SOLDOTNA (AP) -- The Kenai Peninsula Borough Assembly has chosen a partner to help with the planning, design and construction of a private prison.
The assembly on Friday in an executive session picked a joint venture led by Cornell Corrections to help the borough secure a state contract for the 800 to 1,000-bed prison.
Assembly member Jack Brown moved to select Cornell Companies, Inc., the lead company of the Corrections Group North team.
''I believe Cornell came up with a well-defined legislative strategy,'' said Brown. ''They did extensive research of the site of the correctional facility. (I was) extremely impressed with their local emphasis on employee development and recruitment.''
Cornell is part of a team that includes Kenai Natives Association, which first sparked interest in a prison on its land next to the state-run Wildwood Correctional Facility north of Kenai.
Cornell and another group, Management & Training Corp., gave one-hour presentations to the assembly. A review panel had scored Cornell a hair lower than a joint venture led by Management & Training. The panel had graded four potential prison operators based on their financial backing, willingness to hire and set up offices locally, experience and ability to lobby lawmakers.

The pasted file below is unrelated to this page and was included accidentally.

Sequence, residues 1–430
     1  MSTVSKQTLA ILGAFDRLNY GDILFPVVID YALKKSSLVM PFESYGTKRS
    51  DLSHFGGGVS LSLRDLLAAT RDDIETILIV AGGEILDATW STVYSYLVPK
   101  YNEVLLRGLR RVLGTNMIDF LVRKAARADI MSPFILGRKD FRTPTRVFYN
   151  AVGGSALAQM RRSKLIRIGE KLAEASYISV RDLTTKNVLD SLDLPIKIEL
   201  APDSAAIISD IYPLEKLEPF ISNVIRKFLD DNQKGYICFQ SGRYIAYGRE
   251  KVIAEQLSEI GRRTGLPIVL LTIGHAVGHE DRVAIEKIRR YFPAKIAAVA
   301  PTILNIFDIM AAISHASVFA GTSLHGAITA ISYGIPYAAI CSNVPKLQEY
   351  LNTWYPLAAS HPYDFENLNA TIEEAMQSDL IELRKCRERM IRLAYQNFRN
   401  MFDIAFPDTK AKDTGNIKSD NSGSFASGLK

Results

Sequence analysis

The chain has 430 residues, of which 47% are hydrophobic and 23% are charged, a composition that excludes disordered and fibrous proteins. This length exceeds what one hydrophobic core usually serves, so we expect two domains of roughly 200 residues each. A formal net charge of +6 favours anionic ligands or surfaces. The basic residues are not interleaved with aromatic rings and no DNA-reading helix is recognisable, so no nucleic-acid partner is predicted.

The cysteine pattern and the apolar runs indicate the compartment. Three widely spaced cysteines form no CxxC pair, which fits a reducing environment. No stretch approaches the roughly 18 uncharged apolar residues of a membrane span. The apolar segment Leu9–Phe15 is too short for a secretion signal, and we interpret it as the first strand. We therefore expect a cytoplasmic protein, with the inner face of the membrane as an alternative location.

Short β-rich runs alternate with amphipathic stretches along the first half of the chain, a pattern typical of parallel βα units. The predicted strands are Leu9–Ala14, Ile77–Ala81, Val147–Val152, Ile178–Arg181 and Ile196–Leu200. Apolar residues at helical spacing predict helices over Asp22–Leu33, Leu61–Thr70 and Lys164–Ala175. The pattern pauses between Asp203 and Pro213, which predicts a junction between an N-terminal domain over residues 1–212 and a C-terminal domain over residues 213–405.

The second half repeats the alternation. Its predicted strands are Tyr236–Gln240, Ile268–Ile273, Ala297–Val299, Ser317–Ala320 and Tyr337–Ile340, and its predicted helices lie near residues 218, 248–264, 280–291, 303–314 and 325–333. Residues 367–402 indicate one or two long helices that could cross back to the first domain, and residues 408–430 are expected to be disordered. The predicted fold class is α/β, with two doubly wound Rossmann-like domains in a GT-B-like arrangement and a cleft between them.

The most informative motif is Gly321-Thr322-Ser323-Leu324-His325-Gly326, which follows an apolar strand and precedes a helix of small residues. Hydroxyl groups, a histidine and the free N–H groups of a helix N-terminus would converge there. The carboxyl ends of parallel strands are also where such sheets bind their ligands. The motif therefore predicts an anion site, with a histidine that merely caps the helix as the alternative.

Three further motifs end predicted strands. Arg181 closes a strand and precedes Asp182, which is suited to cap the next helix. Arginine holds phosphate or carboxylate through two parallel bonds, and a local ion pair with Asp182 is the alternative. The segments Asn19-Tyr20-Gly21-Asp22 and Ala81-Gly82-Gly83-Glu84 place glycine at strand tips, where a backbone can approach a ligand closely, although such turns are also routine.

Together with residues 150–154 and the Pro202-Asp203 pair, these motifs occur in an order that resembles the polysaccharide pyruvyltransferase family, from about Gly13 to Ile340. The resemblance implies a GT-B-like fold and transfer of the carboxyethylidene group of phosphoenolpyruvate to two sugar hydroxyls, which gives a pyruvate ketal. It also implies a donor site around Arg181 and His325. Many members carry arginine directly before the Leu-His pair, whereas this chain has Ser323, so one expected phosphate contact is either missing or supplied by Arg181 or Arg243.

The borough administration and assembly is hoping Cornell can persuade lawmakers, the Knowles administration and the Department of Corrections to place the prison on the Kenai Peninsula.
Borough Mayor Dale Bagley said the next steps involve negotiating a contract for assembly approval and preparing legislation to gain approval for the peninsula project at the state level.
Previous actions passed by the Alaska Legislature opened the door for construction of a private prison at Ft. Greely near Delta Junction. However, a number of roadblocks, including two lawsuits, have brought that project to a near standstill.
Margaret Pugh, commissioner for the Alaska Department of Corrections, said building the prison on the peninsula requires additional legislation to either redirect the already-approved project to this area or to authorize construction of a second facility to house Alaska's inmate population.
A shortage of in-state prison space is to blame for some 800 inmates currently housed in a Corrections Corporation of America facility in Arizona.
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